That post is deleted now, and Van Wagenen spoke with Commissioner Rob Manfred last month, smoothing over any hard feelings about the collusion charge. But while his new contemporaries — a young, analytically savvy group of general managers — have concluded that it is folly to lavish splashy contracts on players past their primes, Van Wagenen is not so sure.

“Everybody’s model and opinion on what future value is should vary and differ, and I hope ours is unique, because if it’s not, then we’re all chasing the same game plan,” he said. “I certainly didn’t take this job to follow the lead of others.”

With this winter’s free-agent market just starting to stir, we do not yet know how the Mets fit into it under Van Wagenen. Three of his lieutenants — Ruben Amaro Jr., Allard Baird and Omar Minaya — were general managers in the previous decade, when teams more eagerly invested in players over 30. Cano was not a free agent when the Mets obtained him, but he is 36 years old, is signed through 2023 and the Mets took on more than $60 million over all in the trade.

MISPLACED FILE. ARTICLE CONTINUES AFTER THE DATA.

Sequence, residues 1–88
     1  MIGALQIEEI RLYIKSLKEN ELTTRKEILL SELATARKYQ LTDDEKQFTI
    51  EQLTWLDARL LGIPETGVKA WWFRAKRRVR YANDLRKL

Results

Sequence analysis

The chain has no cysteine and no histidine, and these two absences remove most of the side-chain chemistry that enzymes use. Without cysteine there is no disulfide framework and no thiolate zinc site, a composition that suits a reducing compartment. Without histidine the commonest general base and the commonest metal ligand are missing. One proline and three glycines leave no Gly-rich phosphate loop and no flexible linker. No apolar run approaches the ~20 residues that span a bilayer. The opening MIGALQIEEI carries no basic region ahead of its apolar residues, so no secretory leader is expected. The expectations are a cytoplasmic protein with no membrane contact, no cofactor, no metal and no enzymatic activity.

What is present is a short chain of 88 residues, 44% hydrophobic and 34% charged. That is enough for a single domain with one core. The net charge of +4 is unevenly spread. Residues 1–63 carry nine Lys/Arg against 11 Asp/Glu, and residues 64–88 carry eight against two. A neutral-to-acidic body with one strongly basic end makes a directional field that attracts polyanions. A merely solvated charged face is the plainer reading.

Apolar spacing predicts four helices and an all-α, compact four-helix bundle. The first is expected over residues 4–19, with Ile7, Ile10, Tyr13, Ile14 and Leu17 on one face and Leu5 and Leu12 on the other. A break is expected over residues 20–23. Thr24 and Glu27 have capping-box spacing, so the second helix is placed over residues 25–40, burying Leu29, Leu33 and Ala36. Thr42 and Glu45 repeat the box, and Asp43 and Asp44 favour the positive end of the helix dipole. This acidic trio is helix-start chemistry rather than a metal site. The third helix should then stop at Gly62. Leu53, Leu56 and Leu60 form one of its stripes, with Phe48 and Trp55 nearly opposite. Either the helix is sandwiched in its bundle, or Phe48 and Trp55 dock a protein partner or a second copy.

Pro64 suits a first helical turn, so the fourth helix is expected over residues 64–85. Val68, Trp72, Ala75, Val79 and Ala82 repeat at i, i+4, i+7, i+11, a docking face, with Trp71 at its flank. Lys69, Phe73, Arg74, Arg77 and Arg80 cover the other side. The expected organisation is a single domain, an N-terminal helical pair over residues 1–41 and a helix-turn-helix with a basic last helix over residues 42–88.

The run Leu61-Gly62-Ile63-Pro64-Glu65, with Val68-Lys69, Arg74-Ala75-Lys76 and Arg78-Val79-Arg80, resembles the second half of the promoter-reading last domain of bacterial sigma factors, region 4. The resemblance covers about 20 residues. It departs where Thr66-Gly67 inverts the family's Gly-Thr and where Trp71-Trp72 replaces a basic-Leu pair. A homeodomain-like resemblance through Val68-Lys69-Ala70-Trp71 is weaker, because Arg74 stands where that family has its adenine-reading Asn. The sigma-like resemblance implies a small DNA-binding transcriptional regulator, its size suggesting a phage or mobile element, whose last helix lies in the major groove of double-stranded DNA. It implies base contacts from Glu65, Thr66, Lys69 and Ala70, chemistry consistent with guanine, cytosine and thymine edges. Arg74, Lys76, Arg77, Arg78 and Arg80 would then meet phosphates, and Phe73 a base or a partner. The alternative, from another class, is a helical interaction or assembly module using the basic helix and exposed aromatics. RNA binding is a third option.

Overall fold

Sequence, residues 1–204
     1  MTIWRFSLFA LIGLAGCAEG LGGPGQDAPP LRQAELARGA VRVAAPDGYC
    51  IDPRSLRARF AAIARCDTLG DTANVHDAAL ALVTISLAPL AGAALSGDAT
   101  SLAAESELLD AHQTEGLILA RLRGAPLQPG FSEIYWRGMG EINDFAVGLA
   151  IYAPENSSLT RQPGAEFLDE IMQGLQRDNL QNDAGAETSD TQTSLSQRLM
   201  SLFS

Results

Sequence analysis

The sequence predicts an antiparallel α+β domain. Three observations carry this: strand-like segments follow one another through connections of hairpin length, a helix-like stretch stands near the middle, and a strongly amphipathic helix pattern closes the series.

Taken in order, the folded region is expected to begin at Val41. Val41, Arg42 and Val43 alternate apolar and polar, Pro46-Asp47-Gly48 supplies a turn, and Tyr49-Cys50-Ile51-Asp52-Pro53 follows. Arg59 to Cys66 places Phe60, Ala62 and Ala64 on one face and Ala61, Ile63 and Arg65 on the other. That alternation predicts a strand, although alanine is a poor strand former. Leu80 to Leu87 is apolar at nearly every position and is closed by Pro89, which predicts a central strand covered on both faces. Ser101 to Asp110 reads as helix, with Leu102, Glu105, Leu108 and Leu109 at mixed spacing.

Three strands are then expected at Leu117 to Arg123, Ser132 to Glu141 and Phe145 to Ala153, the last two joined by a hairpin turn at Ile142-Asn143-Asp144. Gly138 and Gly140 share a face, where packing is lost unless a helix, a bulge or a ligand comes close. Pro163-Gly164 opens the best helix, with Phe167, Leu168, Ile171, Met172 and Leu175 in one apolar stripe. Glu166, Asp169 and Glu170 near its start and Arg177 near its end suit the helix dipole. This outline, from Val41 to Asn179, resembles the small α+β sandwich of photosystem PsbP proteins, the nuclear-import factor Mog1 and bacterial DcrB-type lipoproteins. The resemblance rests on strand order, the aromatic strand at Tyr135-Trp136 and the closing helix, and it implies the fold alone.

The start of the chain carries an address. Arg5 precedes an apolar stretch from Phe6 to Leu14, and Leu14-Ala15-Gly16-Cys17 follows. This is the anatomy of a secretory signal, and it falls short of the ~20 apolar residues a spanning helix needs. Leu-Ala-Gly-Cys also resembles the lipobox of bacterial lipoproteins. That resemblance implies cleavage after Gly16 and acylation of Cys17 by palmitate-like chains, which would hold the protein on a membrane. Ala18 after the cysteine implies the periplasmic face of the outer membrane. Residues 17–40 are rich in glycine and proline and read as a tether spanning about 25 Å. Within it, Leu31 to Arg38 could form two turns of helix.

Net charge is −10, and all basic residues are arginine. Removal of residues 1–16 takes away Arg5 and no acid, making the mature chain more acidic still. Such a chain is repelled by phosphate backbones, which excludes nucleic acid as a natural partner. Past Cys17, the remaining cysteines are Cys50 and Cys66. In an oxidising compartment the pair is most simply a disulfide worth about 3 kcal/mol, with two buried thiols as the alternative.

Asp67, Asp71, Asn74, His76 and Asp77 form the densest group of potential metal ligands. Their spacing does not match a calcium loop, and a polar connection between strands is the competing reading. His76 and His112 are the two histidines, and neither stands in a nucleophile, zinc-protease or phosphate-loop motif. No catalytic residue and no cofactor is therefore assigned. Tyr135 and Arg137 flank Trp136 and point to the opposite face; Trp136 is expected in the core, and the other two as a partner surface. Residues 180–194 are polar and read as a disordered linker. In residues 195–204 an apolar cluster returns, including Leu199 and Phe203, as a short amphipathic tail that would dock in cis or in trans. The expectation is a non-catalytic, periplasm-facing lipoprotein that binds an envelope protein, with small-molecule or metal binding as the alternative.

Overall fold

As an agent, Van Wagenen negotiated Cano’s 10-year, $240 deal with the Mariners in 2013 and in this trade sent Seattle two regrettable contracts the Mets agreed to last winter, with Jay Bruce and Anthony Swarzak. Those were just a few of the deals that supported the reluctance of most teams to spend a lot of money.